What is the Internet of Things(IoT)?

 

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The Internet of Things (IoT) describes physical objects (or groups of such objects), that are embedded with sensors, processing ability, software, and other technologies, and that connect and exchange data with other devices and systems over the Internet or other communications networks. In a nutshell, the Internet of Things is the concept of connecting any device (so long as it has an on/off switch) to the Internet and to other connected devices. The IoT is a giant network of connected things and people – all of which collect and share data about the way they are used and about the environment around them. Connecting up all these different objects and adding sensors to them adds a level of digital intelligence to devices that would be otherwise dumb, enabling them to communicate real-time data without involving a human being. The Internet of Things is making the fabric of the world around us more smarter and more responsive, merging the digital and physical universes. Thanks to the arrival of super-cheap computer chips and the ubiquity of wireless networks, it's possible to turn anything, from something as small as a pill to something as big as an aeroplane, into a part of the IoT.

How does the Internet of Things work?

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Devices and objects with built in sensors are connected to an Internet of Things platform, which integrates data from the different devices and applies analytics to share the most valuable information with applications built to address specific needs.

These powerful IoT platforms can pinpoint exactly what information is useful and what can safely be ignored. This information can be used to detect patterns, make recommendations, and detect possible problems before they occur.

The information picked up by connected devices enables me to make smart decisions about which components to stock up on, based on real-time information, which helps me save time and money.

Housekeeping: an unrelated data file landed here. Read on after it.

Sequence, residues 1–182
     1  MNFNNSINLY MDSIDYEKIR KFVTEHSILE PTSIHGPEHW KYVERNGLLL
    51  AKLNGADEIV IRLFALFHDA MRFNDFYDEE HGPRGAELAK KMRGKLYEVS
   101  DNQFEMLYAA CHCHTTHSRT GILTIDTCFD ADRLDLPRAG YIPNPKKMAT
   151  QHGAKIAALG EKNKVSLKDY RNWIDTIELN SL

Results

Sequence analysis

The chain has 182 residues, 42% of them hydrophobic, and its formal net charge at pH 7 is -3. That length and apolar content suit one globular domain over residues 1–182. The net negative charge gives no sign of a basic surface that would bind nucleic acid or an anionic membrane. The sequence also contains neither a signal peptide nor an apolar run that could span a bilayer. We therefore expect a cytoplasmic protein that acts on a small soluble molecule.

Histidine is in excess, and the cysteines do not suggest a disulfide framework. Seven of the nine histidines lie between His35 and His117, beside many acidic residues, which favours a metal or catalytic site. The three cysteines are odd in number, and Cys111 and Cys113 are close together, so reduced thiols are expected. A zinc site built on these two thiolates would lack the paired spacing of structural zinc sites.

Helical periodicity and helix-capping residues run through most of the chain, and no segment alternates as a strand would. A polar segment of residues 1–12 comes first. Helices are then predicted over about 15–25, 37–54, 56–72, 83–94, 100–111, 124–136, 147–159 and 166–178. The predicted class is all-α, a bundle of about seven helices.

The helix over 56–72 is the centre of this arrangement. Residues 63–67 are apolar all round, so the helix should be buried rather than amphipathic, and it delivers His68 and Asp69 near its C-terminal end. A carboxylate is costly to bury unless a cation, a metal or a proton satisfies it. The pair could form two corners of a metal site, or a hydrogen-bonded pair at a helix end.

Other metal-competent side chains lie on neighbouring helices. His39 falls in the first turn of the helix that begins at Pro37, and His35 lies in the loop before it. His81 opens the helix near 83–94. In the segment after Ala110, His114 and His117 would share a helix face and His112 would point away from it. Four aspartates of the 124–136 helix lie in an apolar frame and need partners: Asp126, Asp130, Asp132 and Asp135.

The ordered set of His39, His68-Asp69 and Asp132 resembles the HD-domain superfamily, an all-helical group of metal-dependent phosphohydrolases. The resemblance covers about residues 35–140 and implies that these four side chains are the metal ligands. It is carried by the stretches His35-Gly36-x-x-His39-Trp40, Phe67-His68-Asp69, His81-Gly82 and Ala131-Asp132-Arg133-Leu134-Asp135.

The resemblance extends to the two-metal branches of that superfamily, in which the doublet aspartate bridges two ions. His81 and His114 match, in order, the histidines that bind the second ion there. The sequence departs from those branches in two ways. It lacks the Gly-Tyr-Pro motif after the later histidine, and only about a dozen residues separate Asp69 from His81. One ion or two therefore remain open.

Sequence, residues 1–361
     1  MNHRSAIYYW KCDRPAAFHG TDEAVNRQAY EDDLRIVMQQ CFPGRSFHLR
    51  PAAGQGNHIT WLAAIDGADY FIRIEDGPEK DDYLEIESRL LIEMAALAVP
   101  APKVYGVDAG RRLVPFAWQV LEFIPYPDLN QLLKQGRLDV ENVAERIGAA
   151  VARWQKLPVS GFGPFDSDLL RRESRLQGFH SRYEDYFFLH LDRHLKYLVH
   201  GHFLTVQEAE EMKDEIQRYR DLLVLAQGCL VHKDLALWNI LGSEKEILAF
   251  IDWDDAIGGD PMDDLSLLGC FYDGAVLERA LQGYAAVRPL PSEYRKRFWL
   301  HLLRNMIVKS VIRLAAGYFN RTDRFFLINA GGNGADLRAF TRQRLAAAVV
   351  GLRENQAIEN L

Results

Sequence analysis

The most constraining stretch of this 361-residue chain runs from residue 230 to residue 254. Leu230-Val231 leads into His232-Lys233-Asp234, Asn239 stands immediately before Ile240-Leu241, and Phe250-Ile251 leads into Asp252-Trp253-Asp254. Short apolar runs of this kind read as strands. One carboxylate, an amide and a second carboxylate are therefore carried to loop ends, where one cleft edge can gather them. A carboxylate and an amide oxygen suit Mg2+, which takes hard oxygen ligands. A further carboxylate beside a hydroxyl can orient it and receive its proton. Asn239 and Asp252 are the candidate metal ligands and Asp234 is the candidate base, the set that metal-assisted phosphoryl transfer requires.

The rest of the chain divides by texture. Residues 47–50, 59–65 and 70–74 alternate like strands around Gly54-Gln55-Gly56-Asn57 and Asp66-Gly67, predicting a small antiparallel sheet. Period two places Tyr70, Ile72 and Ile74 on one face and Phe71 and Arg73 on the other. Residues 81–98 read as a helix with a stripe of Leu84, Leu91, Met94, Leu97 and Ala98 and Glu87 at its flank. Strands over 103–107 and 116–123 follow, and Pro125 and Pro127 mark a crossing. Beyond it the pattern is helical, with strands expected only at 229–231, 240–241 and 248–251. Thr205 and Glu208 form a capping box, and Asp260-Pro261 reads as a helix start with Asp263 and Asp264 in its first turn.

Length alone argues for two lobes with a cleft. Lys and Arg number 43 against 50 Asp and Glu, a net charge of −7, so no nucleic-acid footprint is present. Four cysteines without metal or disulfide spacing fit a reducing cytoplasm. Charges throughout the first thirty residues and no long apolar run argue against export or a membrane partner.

With the insight provided by advanced analytics comes the power to make processes more efficient. Smart objects and systems mean you can automate certain tasks, particularly when these are repetitive, mundane, time-consuming or even dangerous.

What are examples of internet of things devices?

Pretty much any physical object can be transformed into an IoT device if it can be connected to the internet to be controlled or communicate information.

A lightbulb that can be switched on using a smartphone app is an IoT device, as is a motion sensor or a smart thermostat in your office or a connected streetlight. An IoT device could be as fluffy as a child's toy or as serious as a driverless truck. Some larger objects may themselves be filled with many smaller IoT components, such as a jet engine that's now filled with thousands of sensors collecting and transmitting data back to make sure it is operating efficiently. At an even bigger scale, smart cities projects are filling entire regions with sensors to help us understand and control the environment.

The term IoT is mainly used for devices that wouldn't usually be generally expected to have an internet connection, and that can communicate with the network independently of human action. For this reason, a PC isn't generally considered an IoT device and neither is a smartphone -- even though the latter is crammed with sensors. A smartwatch or a fitness band or other wearable device might be counted as an IoT device, however.